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This brief was updated Feb. 24, 2017, to correct the count of states that changed their thresholds as of 2014 and to revise the associated calculations.
Since 2001, at least 35 states have raised their felony theft thresholds, or the value of stolen money or goods above which prosecutors may charge theft offenses as felonies, rather than misdemeanors.1 Felony offenses typically carry a penalty of at least a year in state prison, while misdemeanors generally result in probation or less than a year in a locally run jail. Lawmakers have made these changes to prioritize costly prison space for more serious offenders and ensure that value-based penalties take inflation into account. A felony theft threshold of $1,000 established in 1985, for example, is equivalent to more than twice that much in 2015 dollars.2 Critics have warned that these higher cutoff points might embolden offenders and cause property crime, particularly larceny, to rise.3 To determine whether their concerns have proved to be true, The Pew Charitable Trusts examined crime trends in the 28 states that raised their felony theft thresholds between 2001 and 2011, a period that allows analysis of each jurisdiction from three years before to three years after the policy change. Pew also compared trends in states that raised their thresholds during this period with those that did not. This chartbook illustrates three important conclusions from the analysis:
Since 2001, at least 35 states have raised their felony theft thresholds, including five that did so twice.4 In terms of percentage, Oklahoma’s tenfold increase, from $50 to $500 in 2001, was the largest in the nation.
Changes in state felony theft thresholds have not interrupted the long nationwide decline in property crime and larceny rates that began in the early 1990s. The U.S. property crime rate fell 36 percent from 1998—three years before Oklahoma enacted the first of the state threshold hikes included in this analysis—to 2014, the most recent year for which data are available.5 The U.S. larceny rate fell 33 percent during that span.6
Experts attribute the nation’s sustained drop in violent and property crime rates to a host of factors, including better policing; the increased incarceration of certain repeat offenders; an expansion in private security personnel; an aging population that is less prone to criminal behavior; and technological advances, such as the widespread use of surveillance cameras, car- and home-alarm systems, and digital transactions that have reduced the need for cash.7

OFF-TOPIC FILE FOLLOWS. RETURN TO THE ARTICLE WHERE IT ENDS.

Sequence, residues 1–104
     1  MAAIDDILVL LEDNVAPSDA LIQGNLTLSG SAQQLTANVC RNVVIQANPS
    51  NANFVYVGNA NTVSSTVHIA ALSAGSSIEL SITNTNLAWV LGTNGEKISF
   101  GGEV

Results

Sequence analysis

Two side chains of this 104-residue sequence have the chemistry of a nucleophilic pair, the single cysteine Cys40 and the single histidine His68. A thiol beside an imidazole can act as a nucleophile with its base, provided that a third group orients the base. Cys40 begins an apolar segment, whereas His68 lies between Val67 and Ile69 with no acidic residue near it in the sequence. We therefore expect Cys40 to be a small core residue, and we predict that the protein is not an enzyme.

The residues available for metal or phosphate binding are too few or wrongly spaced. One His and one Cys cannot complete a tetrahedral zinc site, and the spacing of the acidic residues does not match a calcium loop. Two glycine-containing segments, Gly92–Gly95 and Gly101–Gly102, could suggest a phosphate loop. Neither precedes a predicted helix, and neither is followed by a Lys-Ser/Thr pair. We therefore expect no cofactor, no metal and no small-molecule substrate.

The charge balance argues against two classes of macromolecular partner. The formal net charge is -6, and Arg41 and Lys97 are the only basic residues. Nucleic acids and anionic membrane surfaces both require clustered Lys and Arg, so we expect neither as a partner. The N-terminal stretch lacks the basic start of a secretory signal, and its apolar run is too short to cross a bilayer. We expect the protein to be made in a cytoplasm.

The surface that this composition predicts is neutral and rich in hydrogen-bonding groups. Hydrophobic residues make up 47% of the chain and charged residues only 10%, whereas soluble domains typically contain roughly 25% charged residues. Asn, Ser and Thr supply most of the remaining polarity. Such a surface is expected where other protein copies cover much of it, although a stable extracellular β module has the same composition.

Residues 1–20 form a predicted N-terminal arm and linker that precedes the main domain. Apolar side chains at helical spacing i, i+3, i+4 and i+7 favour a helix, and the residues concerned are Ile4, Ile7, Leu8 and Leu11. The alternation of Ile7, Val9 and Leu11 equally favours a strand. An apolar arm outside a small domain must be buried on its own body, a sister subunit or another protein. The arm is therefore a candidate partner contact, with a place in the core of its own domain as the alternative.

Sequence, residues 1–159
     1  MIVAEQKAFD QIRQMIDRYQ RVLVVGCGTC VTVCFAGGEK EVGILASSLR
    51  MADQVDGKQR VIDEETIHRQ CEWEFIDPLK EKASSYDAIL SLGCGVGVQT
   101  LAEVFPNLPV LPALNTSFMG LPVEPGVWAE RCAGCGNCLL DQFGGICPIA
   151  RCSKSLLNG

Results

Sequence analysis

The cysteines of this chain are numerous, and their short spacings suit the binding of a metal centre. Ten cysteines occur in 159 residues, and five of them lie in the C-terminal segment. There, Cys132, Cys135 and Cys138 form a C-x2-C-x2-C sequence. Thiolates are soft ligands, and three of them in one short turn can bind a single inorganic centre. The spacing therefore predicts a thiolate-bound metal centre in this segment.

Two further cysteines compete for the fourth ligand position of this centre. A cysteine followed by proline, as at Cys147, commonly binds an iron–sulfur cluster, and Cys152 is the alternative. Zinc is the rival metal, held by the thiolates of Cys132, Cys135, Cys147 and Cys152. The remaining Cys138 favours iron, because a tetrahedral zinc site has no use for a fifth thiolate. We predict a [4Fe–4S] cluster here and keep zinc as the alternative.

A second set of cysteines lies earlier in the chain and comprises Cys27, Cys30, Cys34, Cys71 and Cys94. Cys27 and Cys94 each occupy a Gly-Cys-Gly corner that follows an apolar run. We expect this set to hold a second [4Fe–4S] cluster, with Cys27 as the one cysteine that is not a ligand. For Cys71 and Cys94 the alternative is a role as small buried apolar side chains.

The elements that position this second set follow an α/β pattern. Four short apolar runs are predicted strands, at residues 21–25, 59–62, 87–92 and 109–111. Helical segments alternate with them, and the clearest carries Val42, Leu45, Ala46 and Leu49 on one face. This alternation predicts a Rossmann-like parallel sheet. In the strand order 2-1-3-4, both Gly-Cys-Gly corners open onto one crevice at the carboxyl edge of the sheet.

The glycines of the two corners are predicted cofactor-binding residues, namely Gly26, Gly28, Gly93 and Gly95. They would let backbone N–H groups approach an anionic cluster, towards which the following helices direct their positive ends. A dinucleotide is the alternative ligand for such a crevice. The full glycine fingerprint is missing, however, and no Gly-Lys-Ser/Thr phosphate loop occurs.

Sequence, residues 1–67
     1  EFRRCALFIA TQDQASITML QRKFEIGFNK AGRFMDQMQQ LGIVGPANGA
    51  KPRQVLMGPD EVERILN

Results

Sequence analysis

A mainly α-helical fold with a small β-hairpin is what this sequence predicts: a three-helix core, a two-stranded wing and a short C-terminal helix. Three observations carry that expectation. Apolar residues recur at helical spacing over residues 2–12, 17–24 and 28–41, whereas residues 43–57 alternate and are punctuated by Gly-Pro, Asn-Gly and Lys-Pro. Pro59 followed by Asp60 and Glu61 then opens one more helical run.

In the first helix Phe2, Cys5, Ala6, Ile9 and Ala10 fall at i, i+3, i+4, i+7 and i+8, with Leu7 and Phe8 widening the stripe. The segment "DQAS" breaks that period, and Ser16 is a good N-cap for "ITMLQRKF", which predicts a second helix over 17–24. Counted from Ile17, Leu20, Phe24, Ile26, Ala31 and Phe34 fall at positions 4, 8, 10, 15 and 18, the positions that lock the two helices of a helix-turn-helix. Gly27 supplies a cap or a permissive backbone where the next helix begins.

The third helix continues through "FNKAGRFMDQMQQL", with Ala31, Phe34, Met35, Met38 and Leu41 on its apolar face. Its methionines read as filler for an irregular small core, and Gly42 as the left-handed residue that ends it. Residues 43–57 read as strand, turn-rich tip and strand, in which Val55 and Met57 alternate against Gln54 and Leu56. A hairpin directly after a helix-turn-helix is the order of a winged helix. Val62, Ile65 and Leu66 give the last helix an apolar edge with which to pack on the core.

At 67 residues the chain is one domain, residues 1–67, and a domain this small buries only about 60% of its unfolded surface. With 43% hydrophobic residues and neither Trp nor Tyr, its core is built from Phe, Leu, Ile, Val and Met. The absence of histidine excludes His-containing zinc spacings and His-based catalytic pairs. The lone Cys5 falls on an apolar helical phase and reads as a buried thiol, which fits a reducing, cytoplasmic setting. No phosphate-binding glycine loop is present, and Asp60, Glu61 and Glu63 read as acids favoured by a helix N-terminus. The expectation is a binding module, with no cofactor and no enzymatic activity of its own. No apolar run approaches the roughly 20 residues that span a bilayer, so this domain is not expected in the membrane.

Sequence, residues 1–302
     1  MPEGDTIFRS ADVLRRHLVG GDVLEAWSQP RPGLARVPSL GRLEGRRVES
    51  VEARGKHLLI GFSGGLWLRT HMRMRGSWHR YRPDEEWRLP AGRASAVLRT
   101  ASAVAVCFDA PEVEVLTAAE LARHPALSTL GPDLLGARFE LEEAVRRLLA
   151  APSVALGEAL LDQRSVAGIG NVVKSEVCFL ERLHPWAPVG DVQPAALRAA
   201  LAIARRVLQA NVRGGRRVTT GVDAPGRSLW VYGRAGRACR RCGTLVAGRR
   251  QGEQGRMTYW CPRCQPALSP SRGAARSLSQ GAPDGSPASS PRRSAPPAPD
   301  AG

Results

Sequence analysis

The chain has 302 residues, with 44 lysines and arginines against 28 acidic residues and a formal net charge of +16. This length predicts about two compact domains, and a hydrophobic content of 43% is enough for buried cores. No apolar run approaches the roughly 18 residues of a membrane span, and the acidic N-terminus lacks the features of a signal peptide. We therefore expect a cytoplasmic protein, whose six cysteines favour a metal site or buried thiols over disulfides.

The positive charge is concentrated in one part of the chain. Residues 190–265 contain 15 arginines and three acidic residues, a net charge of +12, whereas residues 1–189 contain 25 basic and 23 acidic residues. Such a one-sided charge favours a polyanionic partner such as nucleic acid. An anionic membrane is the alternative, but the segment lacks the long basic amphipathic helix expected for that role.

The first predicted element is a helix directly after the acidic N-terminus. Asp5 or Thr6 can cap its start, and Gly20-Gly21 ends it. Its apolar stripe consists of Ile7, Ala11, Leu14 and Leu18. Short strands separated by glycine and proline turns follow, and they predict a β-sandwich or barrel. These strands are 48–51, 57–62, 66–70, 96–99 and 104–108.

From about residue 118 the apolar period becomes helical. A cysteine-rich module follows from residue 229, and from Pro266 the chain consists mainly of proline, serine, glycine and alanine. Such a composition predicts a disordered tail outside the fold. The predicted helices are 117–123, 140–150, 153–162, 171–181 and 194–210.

Because property crime and larceny rates have been on a downward trajectory nationwide, it is important to evaluate whether the same trend can be observed in states that have raised their felony theft thresholds. Average property crime and larceny rates continued to fall in the states that raised their thresholds between 2001 and 2011.
When comparing the 28 states that raised their felony theft thresholds between 2001 and 2011 with the 22 that did not, property crime rate declines were virtually identical, while larceny rates fell slightly more in the former group, although the difference was not statistically significant.
The value of states’ felony theft thresholds—whether set at $500, $1,000, or $2,000—is not correlated with property crime and larceny rates. Florida, for example, treats theft as a felony if the value of stolen money or goods exceeds $300, but its property crime and larceny rates are considerably higher than those in Pennsylvania, where the threshold is $2,000.
An examination of long-term trends in property crime and larceny rates shows year-over-year fluctuations within many of the 28 states that raised their felony theft thresholds between 2001 and 2011. Nevertheless, for all but five of the 28 states—Nevada, New Mexico, Oregon, South Dakota, and Washington—property crime and larceny rates were lower in 2014 than in the year in which each state raised its threshold.8
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The statistical models for Figures 3 and 4 isolated the impact of threshold changes on property crime and larceny rates in each state in the year after the policy change and controlled for annual demographic, employment, and income information. The strength of this strategy is that only variables that change over time within each state must be controlled. Demographic data are drawn from the U.S. Census Bureau, and unemployment and income data are derived from the U.S. Bureau of Labor Statistics. State property crime and larceny rates are published by the FBI and are per 100,000 residents. The natural log of property crime and larceny rates was used in the model to account for general declines in rates over time.